Posts Tagged ‘radiation therapy’

Does radiation therapy for cervical cancer increase your risk of later colorectal cancer?

Wednesday, April 23rd, 2014

logo1267406_mdIn a recent study published online in the journal Medical Oncology researchers found that young women treated with radiation for cervical cancer had a higher incidence of secondary colorectal cancer later in life than women who were not treated with radiation therapy. As a result they recommended earlier colorectal cancer screening for this group than earlier recommended starting at about 8 years after treatment instead of waiting until age 50.

Researchers analyzed data on over 64,500 cervical cancer cases collected between 1973 and 2009. Among cervical cancer survivors studied, colon, rectum, and anus tumors were found to be two to four times more frequent in the group treated with radiation than in the group not treated with radiation. The rate of colorectal cancer in the group receiving radiation for cervical cancer varied by time and began about 8 years after treatment and increased over time until after 35 years they were 3 to 4 times more like to develop colorectal cancer than women who had not had radiation.

Does Treatment for Hodgkin’s Disease Increase a Woman’s Risk of Breast Cancer?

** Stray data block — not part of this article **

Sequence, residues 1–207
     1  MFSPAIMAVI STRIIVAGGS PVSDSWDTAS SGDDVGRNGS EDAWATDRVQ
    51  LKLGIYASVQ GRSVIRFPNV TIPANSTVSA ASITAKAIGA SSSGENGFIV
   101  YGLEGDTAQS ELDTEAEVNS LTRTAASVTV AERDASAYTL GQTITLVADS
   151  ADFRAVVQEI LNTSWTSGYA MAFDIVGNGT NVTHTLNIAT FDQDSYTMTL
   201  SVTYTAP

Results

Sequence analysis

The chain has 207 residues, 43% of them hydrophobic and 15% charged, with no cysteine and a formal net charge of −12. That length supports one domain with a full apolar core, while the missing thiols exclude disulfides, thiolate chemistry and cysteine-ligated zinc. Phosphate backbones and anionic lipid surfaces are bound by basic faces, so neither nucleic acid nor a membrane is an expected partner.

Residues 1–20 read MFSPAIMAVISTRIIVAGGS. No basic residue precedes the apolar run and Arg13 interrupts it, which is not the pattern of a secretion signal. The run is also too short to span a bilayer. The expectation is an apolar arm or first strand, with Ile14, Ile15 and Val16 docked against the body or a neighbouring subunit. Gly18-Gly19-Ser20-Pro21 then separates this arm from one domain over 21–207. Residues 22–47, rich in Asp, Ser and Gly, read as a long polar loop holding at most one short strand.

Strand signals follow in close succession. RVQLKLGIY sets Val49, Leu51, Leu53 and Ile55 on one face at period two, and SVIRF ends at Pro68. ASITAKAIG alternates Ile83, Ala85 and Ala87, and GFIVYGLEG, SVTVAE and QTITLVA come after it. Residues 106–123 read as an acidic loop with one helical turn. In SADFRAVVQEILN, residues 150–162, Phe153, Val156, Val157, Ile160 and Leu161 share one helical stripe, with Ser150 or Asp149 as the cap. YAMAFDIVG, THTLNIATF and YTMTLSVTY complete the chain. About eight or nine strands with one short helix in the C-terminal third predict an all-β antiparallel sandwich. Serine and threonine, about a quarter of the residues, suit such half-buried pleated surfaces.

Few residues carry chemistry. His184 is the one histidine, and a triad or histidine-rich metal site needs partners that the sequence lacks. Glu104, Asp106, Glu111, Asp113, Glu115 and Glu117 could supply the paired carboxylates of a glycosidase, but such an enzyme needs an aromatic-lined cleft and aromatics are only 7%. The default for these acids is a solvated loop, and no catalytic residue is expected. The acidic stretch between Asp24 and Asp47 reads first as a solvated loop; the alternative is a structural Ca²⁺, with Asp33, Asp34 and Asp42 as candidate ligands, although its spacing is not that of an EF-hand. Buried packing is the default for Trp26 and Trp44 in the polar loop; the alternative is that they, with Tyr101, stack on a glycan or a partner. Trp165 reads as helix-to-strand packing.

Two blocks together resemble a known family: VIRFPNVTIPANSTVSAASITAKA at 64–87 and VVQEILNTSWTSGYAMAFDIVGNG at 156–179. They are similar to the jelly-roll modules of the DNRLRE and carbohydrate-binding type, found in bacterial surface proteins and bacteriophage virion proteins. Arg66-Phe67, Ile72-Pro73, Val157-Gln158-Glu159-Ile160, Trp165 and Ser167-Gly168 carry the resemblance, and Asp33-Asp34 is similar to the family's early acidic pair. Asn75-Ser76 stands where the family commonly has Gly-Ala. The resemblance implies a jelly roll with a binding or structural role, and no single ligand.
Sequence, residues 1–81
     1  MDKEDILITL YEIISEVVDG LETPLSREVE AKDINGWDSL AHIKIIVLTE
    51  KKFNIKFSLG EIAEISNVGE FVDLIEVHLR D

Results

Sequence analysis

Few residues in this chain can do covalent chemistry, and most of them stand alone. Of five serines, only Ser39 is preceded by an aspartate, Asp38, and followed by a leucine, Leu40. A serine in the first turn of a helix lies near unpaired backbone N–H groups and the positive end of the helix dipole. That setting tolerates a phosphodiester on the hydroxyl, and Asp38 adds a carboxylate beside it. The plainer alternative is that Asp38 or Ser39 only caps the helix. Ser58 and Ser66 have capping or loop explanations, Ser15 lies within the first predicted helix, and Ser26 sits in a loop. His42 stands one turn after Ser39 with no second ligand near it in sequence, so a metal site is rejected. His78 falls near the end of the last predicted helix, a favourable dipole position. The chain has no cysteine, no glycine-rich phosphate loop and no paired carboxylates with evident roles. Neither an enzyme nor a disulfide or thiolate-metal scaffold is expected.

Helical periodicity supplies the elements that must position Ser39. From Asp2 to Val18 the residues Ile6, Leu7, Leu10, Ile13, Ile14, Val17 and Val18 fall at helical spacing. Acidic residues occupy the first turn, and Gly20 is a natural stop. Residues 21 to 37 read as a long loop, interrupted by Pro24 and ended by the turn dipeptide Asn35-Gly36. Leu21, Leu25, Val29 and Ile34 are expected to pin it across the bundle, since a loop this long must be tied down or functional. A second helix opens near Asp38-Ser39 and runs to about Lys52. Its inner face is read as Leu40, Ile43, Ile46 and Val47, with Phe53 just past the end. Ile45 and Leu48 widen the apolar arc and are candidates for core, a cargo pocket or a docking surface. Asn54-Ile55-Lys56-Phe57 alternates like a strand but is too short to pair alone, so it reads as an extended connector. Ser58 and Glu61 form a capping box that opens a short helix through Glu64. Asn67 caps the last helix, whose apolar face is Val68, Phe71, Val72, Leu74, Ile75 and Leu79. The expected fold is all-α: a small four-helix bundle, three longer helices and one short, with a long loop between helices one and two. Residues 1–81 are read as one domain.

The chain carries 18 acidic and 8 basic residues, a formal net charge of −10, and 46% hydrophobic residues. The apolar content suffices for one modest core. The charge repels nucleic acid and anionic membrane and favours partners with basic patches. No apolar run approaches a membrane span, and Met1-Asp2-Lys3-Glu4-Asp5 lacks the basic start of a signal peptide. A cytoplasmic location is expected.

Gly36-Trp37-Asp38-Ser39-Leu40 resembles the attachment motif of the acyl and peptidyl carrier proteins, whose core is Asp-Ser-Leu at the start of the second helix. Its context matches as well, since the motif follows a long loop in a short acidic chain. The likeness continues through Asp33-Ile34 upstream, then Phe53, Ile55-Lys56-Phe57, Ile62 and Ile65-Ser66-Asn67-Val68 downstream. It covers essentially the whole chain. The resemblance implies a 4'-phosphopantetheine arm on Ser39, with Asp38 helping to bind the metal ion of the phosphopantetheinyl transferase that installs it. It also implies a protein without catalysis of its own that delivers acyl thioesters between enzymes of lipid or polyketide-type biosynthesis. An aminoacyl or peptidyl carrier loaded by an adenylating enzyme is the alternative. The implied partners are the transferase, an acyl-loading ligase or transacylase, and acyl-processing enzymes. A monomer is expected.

Thursday, January 30th, 2014

logo1267406_mdA new study reported in Deutsches Arzteblatt International¬† concluded that girls treated with radiotherapy for Hodgkins disease during adolescence acquire a considerable risk of developing breast cancer based upon long term observational data/Five hundred ninety girls were followed for secondary breast cancer from 1978 to 1995 for a long period of time (average 17.8 years, maximun 33 years). Researchers estimated 19% of the girls treated with radiotherapy for Hodgkin’s disease developed secondary breast cancer within 30 years as a result of that therapy.¬† Because of these findings this high risk population is now evaluated by a structured screening program for breast cancer. The researchers recommended that when supradiaphragmatic¬† radiotherapy is necessary in girls over the age of 9, the parts of the chest exposed to the radiation should be kept as small as medically necessary to keep the risk of secondary breast cancer as low as possible.